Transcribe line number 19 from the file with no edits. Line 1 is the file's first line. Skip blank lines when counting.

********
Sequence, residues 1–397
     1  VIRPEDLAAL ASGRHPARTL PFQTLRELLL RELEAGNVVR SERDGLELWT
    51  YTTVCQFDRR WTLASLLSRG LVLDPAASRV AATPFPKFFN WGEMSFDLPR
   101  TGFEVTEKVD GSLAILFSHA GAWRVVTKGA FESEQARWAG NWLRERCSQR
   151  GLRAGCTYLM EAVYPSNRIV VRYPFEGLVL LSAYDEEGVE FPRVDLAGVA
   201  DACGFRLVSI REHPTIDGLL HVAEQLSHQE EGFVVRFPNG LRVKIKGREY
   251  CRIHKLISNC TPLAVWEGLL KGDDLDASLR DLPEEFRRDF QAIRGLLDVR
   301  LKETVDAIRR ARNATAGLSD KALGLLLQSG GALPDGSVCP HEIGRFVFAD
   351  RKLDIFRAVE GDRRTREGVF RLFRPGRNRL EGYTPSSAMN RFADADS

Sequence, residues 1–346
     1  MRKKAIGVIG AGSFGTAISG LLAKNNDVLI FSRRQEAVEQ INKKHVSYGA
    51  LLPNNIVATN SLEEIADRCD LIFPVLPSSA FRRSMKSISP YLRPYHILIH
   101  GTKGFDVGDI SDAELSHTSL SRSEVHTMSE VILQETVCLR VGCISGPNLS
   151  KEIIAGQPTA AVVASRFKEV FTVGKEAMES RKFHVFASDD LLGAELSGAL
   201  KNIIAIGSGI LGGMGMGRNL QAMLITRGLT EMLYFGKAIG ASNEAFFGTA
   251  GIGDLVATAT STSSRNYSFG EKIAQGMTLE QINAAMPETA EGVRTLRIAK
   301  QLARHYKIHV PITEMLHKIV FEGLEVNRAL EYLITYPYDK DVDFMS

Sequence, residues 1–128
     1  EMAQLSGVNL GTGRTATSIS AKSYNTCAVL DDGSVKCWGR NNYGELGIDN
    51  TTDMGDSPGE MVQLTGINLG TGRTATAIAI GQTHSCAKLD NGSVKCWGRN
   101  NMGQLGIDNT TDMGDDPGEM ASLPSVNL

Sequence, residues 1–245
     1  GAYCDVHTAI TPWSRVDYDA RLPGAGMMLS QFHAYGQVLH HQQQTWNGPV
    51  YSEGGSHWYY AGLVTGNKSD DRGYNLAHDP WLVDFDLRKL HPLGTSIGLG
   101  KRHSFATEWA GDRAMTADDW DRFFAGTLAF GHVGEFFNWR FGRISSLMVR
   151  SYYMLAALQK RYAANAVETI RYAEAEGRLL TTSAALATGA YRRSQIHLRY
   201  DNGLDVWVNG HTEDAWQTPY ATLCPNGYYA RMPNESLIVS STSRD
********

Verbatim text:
     1  EMAQLSGVNL GTGRTATSIS AKSYNTCAVL DDGSVKCWGR NNYGELGIDN